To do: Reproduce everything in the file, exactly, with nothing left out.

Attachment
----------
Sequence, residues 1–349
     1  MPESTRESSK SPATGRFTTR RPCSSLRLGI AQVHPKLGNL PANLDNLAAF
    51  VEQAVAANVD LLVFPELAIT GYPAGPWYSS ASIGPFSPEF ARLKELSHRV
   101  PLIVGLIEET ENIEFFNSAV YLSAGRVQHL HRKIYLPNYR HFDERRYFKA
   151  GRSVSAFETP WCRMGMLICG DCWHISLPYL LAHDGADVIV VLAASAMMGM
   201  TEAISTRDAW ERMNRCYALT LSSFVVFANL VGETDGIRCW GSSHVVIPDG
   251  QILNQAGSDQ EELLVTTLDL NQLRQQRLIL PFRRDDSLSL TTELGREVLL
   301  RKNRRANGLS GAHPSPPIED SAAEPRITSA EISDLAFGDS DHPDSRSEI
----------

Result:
Sequence, residues 1–349
     1  MPESTRESSK SPATGRFTTR RPCSSLRLGI AQVHPKLGNL PANLDNLAAF
    51  VEQAVAANVD LLVFPELAIT GYPAGPWYSS ASIGPFSPEF ARLKELSHRV
   101  PLIVGLIEET ENIEFFNSAV YLSAGRVQHL HRKIYLPNYR HFDERRYFKA
   151  GRSVSAFETP WCRMGMLICG DCWHISLPYL LAHDGADVIV VLAASAMMGM
   201  TEAISTRDAW ERMNRCYALT LSSFVVFANL VGETDGIRCW GSSHVVIPDG
   251  QILNQAGSDQ EELLVTTLDL NQLRQQRLIL PFRRDDSLSL TTELGREVLL
   301  RKNRRANGLS GAHPSPPIED SAAEPRITSA EISDLAFGDS DHPDSRSEI